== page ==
SFX: How should a new author approach a publisher? Do you need to see evidence of published work, a complete novel, a summary, an idea on the back of an envelope...?
Redfearn: "A lot of writers come to publishers trying to sell a synopsis, or an unwritten novel. There are occasional exceptions, but with debut novelists we really look for a complete novel. Putting together over 100,000 words – sometimes twice that to do a project justice – is much harder than it sounds and having a brilliant idea is only the first step (albeit a crucial one). Show us you can write the whole thing, and your fantastic idea will get a much better reception!"
Spanton: "Send a letter, a good three or four page synopsis and the first 50 pages from a novel that you have already finished."
Redfearn: "And don't pull punches in your synopsis, we don't need to be intrigued we need to know what your book is like. So tell us. if your twist is a great one, put it in the synopsis! That's your very best chance of getting us to pick up your novel and read it."
SFX: Should an author be encouraged to write what they love, or what sells? Fantasy does well at the moment, so does that mean an aspiring author should keep his nose out of hard SF?
Redfearn: "Write what you love. If you don't love it, why should anyone else?"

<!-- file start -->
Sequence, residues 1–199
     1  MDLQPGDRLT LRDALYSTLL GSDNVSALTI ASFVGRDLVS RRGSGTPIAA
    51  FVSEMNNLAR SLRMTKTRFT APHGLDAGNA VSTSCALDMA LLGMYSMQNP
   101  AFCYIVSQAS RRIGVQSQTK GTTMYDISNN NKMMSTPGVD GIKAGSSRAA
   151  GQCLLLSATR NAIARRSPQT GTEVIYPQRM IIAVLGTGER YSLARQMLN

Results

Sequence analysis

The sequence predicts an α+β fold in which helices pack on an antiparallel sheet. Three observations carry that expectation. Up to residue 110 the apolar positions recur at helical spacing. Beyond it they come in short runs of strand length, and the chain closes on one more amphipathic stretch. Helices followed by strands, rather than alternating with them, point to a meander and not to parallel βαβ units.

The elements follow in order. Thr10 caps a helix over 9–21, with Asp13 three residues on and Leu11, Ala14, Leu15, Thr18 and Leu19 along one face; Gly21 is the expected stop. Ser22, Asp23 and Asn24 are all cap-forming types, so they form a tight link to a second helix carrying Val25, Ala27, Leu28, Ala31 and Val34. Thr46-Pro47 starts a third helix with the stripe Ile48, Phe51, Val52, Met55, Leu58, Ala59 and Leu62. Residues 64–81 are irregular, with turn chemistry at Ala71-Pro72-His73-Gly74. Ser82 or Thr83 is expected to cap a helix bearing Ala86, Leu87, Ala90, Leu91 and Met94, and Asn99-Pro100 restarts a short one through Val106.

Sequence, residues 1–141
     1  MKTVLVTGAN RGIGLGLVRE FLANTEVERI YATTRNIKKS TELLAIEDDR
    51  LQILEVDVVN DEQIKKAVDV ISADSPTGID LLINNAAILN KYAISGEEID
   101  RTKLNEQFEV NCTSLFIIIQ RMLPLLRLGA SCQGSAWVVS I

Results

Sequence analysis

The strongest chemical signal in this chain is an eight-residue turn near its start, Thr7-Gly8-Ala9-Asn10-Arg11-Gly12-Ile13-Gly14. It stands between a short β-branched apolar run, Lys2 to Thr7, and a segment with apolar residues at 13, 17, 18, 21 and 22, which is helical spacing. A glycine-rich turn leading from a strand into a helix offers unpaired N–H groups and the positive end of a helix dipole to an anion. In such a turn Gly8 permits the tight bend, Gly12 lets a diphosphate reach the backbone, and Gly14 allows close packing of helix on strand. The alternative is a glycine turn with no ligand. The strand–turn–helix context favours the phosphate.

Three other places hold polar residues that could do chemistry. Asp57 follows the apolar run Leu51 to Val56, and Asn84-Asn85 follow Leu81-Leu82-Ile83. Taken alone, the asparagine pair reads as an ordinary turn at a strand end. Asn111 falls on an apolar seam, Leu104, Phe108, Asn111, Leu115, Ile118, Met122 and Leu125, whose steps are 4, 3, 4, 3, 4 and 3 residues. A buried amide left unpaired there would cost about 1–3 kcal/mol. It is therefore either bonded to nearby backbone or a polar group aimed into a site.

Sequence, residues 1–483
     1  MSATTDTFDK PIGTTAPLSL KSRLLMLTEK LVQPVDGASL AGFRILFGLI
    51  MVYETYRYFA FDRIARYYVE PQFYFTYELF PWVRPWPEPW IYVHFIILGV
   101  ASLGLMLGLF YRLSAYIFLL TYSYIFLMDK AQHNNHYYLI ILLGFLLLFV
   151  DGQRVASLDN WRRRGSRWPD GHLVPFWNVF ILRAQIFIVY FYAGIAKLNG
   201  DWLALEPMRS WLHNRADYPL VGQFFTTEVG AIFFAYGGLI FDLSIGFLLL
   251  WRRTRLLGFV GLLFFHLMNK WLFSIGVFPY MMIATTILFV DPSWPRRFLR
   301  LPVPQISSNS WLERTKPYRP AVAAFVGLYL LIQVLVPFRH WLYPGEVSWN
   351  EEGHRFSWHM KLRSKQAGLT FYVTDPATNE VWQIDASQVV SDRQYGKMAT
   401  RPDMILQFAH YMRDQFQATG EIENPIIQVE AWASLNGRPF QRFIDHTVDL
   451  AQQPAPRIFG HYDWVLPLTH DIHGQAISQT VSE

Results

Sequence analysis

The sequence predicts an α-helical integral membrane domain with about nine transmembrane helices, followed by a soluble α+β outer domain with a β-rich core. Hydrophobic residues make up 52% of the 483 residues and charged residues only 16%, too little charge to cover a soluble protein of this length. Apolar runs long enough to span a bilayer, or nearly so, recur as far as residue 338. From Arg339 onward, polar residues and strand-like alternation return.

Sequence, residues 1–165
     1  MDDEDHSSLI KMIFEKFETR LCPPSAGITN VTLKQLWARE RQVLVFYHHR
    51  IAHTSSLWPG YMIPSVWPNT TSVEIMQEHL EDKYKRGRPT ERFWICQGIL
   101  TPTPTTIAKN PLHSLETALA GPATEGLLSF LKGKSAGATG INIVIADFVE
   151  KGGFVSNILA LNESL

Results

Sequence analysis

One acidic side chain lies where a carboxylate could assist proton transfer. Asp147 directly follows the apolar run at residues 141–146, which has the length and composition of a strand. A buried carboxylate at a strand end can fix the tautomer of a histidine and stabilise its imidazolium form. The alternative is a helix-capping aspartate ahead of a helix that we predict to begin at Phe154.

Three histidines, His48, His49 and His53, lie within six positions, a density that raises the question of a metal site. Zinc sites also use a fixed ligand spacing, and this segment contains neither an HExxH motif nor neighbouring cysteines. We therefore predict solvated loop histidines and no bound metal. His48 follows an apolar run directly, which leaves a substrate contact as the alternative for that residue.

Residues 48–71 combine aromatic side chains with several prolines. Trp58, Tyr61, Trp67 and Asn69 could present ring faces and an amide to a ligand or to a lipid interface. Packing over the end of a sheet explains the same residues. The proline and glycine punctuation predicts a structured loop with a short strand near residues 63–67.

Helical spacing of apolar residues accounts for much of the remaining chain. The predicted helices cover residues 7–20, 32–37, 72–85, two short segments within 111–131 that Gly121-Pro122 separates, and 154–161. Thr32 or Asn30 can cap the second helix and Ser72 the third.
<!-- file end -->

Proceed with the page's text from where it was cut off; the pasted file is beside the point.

Spanton: "Yes, write what you love. Trends are to be broken. If you don't enjoy writing, but do it anyway in the hope it will sell, the chances are it won't anyway. It's all about the passing on of enthusiasm. And as for trends in novels... what is selling now was written two years ago, what you are writing now will be published in two years time. Four years is a hell of a time lag when you are trying to ride the crest of a trend. And if you love what you are writing then you have a better chance of finishing your book. No-one gets an unfinished novel published."
SFX: What do you think readers are looking for in good SF and fantasy these days?
Spanton: "What any readers of any fiction are looking for any day – good stories featuring characters they feel for (whether love or hate). Simple as that. SF and fantasy does not have any special let outs."
SFX: If you could give one new writer any single piece of creative advice, what would it be?
Spanton: "Read. A lot. If you're not already writing whenever you can you don't want it enough but you have to read a lot as well – that's how you learn what techniques and tricks pull your bell-rope. It's just another form of writing practice. And if you're not a reader why do you want to be a writer? And you can write without being published – so keep it up. And have fun. No-one holds a gun to writers head and says 'You have to be a writer!' If it stays your hobby there's more chance it will become your job as well."
SFX: Thanks folks!
Find out more about the Gollancz range over at the official website . Gillian Redfearn and Simon Spanton are colleagues of Jo Fletcher, who we interviewed here . See you next week on the SFX site for more Q&As from the SF and fantasy publishing world.